Although these data are useful to clinicians, data comparing the OCS‐sparing potential of benralizumab, mepolizumab, and dupilumab would be even more helpful in interpreting comparative efficacy for patients with severe asthma receiving OCS maintenance treatment. However, there have been no head‐to‐head trials with these treatments.
Indirect treatment comparison (ITC) via matching‐adjusted indirect comparison (MAIC) allows for comparison of treatments across clinical trials.12, 13 MAIC is an accepted methodology that has been used to compare biologics for multiple sclerosis,14 psoriasis,12 haemophilia,15 multiple myeloma,16 and asthma.17 In our recent MAIC analysis of studies identified by a systematic literature review, benralizumab and mepolizumab were comparable for reduction of annual asthma exacerbation rates after weighted adjustment of baseline population characteristics. Benralizumab had a slightly greater effect on forced expiratory volume in 1 second (FEV1), but this was not statistically significant at all time‐points.17
MAIC is a population‐adjusted ITC designed to reduce bias by matching patient‐level data from clinical trials of one treatment with aggregate data reported for comparator trials.8 Treatment effect–modifying variables that differ across studies are used to weight patient‐level data for one treatment to approximate the characteristics of patients from the comparator trial. For example, patients with exacerbation rates similar to the aggregate rate of the comparator population are weighted more heavily when modelling study outcomes, similar to a propensity score. Patients who are substantially different from the comparator population have less weight on the outcome. Therefore, this matching adjustment can simulate results as they would be if the same patient population had been used to assess the compared treatments.8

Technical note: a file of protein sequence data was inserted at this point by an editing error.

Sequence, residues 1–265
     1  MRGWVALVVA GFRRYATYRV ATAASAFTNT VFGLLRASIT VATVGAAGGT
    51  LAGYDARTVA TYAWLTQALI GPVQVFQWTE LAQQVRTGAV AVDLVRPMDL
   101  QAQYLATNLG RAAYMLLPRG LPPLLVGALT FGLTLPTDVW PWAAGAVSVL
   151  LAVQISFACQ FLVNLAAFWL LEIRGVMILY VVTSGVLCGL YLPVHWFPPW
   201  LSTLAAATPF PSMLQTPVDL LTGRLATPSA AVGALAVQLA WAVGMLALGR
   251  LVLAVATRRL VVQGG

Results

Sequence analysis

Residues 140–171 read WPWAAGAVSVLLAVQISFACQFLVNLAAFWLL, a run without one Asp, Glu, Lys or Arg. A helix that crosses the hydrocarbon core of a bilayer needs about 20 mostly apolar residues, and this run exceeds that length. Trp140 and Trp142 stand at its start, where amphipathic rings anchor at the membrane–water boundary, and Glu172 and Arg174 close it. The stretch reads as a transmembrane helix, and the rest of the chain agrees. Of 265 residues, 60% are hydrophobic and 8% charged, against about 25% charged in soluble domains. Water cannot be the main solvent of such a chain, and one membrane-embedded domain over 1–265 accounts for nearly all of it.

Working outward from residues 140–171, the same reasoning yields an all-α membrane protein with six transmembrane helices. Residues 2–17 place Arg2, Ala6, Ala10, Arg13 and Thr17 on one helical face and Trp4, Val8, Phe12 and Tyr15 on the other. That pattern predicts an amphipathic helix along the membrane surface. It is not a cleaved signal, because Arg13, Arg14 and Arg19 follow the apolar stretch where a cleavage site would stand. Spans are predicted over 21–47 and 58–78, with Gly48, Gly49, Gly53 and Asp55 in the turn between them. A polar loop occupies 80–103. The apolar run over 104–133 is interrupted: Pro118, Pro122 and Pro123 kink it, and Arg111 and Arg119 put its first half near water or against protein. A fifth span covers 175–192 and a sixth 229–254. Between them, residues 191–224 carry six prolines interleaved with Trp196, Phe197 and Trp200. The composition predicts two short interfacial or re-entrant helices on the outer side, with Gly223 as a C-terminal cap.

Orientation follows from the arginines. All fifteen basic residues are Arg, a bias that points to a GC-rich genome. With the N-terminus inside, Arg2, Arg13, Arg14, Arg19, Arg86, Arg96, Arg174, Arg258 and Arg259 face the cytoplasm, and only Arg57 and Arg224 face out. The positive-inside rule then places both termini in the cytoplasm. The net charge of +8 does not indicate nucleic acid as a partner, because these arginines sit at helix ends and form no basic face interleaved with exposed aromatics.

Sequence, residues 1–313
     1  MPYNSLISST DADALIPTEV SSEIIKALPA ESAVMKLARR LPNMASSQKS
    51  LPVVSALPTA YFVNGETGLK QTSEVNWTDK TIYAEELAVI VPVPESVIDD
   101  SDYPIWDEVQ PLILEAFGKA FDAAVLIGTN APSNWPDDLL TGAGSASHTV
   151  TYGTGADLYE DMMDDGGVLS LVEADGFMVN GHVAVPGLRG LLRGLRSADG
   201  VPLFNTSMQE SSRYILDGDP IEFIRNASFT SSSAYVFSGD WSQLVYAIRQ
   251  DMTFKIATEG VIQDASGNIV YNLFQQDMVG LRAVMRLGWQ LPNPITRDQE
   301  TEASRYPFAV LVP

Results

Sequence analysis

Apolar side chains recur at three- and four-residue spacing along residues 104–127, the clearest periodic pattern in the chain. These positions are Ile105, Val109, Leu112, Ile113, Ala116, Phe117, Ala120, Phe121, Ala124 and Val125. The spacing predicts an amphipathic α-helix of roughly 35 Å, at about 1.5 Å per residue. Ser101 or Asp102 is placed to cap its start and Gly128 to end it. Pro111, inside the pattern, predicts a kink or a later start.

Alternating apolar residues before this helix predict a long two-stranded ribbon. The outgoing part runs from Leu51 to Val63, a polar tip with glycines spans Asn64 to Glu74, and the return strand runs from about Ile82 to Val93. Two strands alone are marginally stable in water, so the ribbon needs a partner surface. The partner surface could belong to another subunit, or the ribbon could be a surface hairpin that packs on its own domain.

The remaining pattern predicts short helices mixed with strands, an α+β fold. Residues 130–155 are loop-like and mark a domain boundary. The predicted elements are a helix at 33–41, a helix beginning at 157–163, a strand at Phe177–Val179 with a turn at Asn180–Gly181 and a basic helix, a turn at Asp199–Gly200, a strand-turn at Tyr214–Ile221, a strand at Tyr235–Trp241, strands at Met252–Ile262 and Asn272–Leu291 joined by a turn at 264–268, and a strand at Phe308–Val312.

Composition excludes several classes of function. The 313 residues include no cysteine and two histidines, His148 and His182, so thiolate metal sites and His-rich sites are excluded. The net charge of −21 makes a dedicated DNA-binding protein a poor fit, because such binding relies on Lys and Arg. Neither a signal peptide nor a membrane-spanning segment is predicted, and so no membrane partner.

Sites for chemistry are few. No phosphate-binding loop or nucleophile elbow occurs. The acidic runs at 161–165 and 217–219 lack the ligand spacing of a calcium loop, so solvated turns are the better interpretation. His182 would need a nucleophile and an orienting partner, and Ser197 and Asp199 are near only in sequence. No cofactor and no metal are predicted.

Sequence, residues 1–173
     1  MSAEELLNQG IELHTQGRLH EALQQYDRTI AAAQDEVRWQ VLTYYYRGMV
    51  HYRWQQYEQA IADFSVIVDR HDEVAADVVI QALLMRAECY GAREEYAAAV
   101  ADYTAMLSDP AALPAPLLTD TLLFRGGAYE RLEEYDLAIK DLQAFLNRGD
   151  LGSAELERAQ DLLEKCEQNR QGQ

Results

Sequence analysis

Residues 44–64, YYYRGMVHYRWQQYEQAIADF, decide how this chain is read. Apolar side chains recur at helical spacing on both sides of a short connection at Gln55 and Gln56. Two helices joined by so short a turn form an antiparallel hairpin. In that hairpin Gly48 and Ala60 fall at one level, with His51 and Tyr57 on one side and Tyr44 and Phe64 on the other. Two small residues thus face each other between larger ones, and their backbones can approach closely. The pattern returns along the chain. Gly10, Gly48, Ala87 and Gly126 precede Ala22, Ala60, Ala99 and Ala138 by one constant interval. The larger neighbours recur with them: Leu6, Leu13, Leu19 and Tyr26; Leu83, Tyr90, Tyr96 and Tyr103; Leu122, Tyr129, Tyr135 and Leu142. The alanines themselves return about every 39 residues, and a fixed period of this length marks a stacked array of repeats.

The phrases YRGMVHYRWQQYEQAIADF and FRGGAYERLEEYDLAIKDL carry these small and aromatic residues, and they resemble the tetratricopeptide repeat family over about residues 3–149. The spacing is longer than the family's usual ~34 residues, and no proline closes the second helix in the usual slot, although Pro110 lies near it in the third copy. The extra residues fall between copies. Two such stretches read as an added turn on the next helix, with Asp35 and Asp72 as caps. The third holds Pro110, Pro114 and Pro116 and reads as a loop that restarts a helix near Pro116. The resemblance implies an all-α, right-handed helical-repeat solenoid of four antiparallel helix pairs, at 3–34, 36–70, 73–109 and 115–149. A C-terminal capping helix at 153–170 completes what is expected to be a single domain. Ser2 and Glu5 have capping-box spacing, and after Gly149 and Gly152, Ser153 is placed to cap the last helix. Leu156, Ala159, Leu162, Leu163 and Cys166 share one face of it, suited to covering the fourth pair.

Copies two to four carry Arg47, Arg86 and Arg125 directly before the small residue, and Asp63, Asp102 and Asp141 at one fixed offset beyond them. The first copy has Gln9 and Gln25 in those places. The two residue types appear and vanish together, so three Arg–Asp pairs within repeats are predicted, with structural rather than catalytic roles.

This second publication in a series of MAIC analyses of data for patients with severe, uncontrolled asthma compares benralizumab with mepolizumab and with dupilumab for effects on mean percentage of OCS dosage reduction, patients who achieved elimination of OCS treatment, and annualized exacerbation rate.
This MAIC analysis followed guidance for well‐designed, population‐adjusted ITCs.10 The systematic literature review (conducted August 2016) and study selection were previously described.14 Two OCS‐sparing studies, ZONDA and SIRIUS,6, 7 were identified but not included in the previous analysis because of differences in study design compared with other trials.14 A third OCS‐sparing study, LIBERTY ASTHMA VENTURE,8 published after August 2016, was also identified. These three studies assessed OCS dosage reduction for patients treated with benralizumab (ZONDA), mepolizumab (SIRIUS), and dupilumab (LIBERTY ASTHMA VENTURE).6, 7, 8 We examined all three therapies at their indicated dosages for patients with asthma, which meant that only the benralizumab Q8W arm of the ZONDA trial was included in this analysis. Only patients receiving high‐dosage inhaled corticosteroids (ICS), defined according to benralizumab studies (fluticasone propionate or equivalent > 500 µg/day), are presented in this analysis. Trial characteristics are summarized in Appendix S1: Table S1.
Benralizumab was compared with mepolizumab and with dupilumab for three outcomes: OCS dosage reduction (at 24 weeks and at the end of the trial), percentage of patients able to eliminate OCS treatment at 24 weeks, and annual rate of clinically significant exacerbations. End‐of‐trial values were from week 28 for ZONDA and week 24 for SIRIUS and LIBERTY ASTHMA VENTURE. Odds ratios for elimination of OCS treatment were calculated based on the overall trial populations, not just the subsets of patients eligible for complete OCS reduction based on baseline OCS dosage. Annual rates of clinically significant exacerbations were estimated as rate ratios for active treatments vs. placebo.
All analyses were conducted with SAS version 9.1 (SAS Institute Inc, Cary, NC, USA) and R version 3.0.3 (R Foundation for Statistical Computing, Vienna).